Heartland Virus Transmission, Suffolk County, New York, USA

Alan P. Dupuis II; Melissa A. Prusinski; Collin O'Connor; Joseph G. Maffei; Kiet A. Ngo; Cheri A. Koetzner; Michael P. Santoriello; Christopher L. Romano; Guang Xu; Fumiko Ribbe; Scott R. Campbell; Stephen M. Rich; P. Bryon Backenson; Laura D. Kramer; Alexander T. Ciota


Emerging Infectious Diseases. 2021;27(12):3128-3132. 

In This Article


Evidence of widespread HRTV transmission was demonstrated throughout Suffolk County, New York. Consistent with previous studies, A. americanum ticks were implicated in local transmission of HRTV. All positive pools were nymphal stage ticks, including the tick originally submitted for testing at the University of Massachusetts. Tick minimal infection rates ranged from 0% to 1.1%. It is unclear whether flat nymphs had acquired the virus as larvae feeding on viremic hosts, through cofeeding transmission, or transovarially because each of these modes has been demonstrated in the laboratory.[7]

The lack of HRTV detection in adult ticks is notable if one considers that collections occurred at the same site across 3 seasons. Higher numbers of positive nymph pools were observed in Missouri, where 53/60 HRTV-positive tick pools collected at sites near the first described human cases were nymphs.[6] Complete genome sequence analysis of the HRTV strains isolated during this study showed >98% amino acid and >93% nucleotide identities to the original strains isolated from patients in Missouri during 2009[1] and a strain isolated in Tennessee during 2013.[2]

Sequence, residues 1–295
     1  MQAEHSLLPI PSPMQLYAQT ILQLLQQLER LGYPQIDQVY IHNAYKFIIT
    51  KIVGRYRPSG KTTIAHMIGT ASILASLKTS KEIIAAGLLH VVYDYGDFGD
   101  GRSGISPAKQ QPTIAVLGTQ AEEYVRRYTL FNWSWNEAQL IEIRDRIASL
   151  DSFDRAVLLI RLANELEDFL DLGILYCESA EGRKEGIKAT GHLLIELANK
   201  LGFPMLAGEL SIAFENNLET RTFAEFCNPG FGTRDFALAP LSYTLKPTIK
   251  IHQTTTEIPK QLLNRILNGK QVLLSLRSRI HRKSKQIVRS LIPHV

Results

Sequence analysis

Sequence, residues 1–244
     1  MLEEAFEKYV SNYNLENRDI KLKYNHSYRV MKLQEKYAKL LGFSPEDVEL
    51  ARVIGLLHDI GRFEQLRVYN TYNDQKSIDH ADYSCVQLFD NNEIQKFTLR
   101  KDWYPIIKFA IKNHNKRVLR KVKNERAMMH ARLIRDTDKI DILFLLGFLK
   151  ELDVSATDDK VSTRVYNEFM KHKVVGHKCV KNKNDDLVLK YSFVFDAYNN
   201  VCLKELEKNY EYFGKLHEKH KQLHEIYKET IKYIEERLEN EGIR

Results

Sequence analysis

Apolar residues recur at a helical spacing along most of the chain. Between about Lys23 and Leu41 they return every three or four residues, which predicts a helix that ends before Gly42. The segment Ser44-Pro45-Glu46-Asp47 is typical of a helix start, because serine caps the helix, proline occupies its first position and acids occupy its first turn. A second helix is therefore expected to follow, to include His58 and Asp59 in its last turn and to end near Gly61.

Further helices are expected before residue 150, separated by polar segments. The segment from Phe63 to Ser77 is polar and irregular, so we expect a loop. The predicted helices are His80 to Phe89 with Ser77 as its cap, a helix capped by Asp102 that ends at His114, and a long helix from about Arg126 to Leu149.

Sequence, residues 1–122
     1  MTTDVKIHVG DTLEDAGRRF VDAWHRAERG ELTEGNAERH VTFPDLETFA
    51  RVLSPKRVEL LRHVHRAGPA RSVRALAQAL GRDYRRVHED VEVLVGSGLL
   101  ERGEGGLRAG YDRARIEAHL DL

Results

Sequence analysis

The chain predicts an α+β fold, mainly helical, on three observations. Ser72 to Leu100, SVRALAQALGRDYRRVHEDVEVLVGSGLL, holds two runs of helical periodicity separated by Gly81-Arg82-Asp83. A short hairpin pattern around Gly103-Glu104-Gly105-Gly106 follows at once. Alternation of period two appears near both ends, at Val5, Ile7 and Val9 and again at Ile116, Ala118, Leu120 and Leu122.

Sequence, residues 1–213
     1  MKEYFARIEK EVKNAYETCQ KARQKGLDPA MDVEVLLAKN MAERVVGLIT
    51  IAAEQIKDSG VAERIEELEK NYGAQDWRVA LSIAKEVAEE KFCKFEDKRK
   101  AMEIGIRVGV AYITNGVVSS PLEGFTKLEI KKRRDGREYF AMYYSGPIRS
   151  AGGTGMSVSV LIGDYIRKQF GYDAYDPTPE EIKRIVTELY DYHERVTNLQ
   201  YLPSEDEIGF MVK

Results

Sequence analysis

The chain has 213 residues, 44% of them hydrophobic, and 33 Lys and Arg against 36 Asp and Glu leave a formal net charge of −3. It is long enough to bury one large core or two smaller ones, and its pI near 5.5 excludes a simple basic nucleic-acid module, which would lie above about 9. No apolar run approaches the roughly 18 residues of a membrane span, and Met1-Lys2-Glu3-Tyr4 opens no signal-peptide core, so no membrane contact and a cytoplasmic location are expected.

White-tailed deer are a sensitive sentinel model for many arboviruses, given their abundance, limited home range, and the frequency on which they are fed upon by hematophagous arthropods.[10,11,14] Approximately 10% of the deer sampled during this study were seropositive against HRTV. Our serologic testing strategy differed from those of previous studies by using a more stringent PRNT90. Suffolk County deer seropositive rates were similar to those reported in Vermont (10%), Maine (11%), and Florida (4%) deer.[12] The rates are lower than those reported for deer tested in midwestern and southeastern states, areas with burgeoning populations of A. americanum ticks.[10,11] To date, no competent vertebrate host, including deer, has been implicated in HRTV amplification.[15]

Results from this study emphasize the need to include HRTV in surveillance programs wherever A. americanum ticks are distributed. Furthermore, clinicians should be aware of this pathogen and the potential for overlapping symptomologies (fever, fatigue, and loss of appetite) with other tickborne infections. Providers should request HRTV testing for patients who have clinical symptoms, including leukopenia and thrombocytopenia, and a history of tick exposure or travel to regions where A. americanum ticks are reported.